Mallory’s Everest Clothing 1924

18 July 2013

It’s always good to take a glance at the past just to see how we’re doing now. When you look at those old photos of Mallory and Irvine’s expedition up Everest in 1924, it’s easy to think they just found an old pair of boots in the pantry, threw their dads’ tweed jackets on and set off up the mountain - but if you thought that, you’re about to feel pretty thick.
text1 When Mallory’s body was found in 1999 a team of forensic textile experts from Lancaster, Leeds, Southampton and Derby universities decided to recreate the outfit from samples preserved in the ice. They found that Mallory and Irvine were well ahead of the game.

It turns out their clothing was significantly lighter and less bulky than a lot of technical clothing sold today, up to 50% lighter than equipment taken on subsequent Everest expeditions.
All the materials were natural fibres – gabardine, wool, cotton and silk. The gabardine outer layer was not only durable it was water resistant and breathable, even before the word ‘breathable’ had even been invented.

Mallory’s clothes consisted of eight layers of thin natural fibres. The clothes were very close fitting and all the layers slid easily over each other. Climber Graham Hoyland, who put the gear to the test on Everest at 22,000 feet, said:

"I immediately found the underclothes warm to put on, whereas the modern polypropylene underwear feels cold and clammy. When exposed to a cutting wind blowing off the main Rongbuk glacier, I found the true value of the Gabardine outer layers. These resisted the wind and allowed the eight layers beneath to trap warmed air between them and my skin.’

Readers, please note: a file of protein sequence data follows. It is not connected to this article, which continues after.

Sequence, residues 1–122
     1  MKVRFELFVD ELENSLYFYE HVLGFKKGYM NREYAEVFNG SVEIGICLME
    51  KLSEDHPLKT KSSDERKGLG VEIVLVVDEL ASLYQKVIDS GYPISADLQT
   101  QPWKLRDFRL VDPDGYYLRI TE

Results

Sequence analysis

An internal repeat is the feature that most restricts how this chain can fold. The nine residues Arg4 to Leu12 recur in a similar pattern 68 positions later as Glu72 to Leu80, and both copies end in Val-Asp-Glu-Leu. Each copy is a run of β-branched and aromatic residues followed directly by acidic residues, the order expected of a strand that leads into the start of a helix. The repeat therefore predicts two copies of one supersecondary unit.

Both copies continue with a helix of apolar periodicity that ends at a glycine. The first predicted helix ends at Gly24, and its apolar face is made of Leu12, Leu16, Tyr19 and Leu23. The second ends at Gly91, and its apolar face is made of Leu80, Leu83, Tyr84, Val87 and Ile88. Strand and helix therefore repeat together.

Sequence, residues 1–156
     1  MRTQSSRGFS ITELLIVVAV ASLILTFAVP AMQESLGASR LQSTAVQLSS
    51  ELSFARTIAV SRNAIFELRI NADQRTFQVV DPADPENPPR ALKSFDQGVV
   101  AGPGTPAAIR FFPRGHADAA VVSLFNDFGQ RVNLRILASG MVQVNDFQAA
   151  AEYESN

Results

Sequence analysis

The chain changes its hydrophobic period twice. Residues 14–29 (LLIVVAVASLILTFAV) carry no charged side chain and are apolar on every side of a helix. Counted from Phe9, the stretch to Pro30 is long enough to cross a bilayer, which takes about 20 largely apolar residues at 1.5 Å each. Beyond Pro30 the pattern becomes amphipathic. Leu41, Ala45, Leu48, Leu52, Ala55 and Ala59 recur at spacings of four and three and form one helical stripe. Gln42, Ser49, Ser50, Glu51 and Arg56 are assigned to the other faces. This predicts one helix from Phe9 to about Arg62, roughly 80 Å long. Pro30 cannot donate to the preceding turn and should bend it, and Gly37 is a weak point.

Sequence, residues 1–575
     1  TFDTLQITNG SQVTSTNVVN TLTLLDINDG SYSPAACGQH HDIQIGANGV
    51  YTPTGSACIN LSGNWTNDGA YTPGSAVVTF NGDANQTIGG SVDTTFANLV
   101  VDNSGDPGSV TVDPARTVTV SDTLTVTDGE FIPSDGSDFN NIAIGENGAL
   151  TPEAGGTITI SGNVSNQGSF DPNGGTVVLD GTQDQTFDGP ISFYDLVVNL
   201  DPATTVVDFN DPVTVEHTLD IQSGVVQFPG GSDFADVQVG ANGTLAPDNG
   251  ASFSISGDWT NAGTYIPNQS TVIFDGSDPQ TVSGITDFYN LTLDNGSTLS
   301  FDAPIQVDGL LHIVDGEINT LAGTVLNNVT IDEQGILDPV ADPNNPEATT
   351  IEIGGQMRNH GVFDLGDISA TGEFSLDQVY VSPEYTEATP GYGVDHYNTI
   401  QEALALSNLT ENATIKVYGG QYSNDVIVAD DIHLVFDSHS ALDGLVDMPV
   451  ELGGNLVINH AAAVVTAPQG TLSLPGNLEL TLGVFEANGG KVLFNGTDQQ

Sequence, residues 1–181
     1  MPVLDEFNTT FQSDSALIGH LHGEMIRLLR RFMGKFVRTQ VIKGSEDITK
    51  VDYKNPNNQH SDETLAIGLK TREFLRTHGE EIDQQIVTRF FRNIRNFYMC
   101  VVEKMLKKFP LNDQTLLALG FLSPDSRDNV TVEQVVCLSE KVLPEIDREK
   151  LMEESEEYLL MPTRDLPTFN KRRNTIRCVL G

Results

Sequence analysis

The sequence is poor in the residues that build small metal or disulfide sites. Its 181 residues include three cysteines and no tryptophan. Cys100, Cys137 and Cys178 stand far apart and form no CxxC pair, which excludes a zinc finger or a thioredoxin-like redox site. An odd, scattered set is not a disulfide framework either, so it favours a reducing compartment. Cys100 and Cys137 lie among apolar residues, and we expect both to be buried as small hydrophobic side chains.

The footwear was also super light. The boots were made from leather and felt and have been calculated to weigh 0.8kg, compared to Hillary’s in 1953 at 1.2kg and Chris Bonnington’s in 1985 at 1.8kg. There was no need for crampons because they used hob-nails attached through the sole.

Many people believe that Mallory and Irvine didn’t reach the summit because of their clothing, but Hoyland doesn’t believe this. The clothing they used turned out to be as good as or even better than what we use today.

The only drawback that Hoyland could see was the lack of zips and the difficulty of undoing buttons in the cold with gloves on, maybe if you need a wee wee. I don’t know about you but I wouldn’t be too happy exposing extremities to the elements at seventy below, especially not that one.

I started this post thinking I would be able to compare the past with the present and see how far we’ve progressed in nearly 90 years, but it turns out I can’t. There are a lot of amazing new fabric combinations on the market now all infused with incredible nanotechnology, but can we be absolutely certain they are any better than wool, silk and leather?

No, is the short but certain answer.

Thanks for reading.

Ian Young

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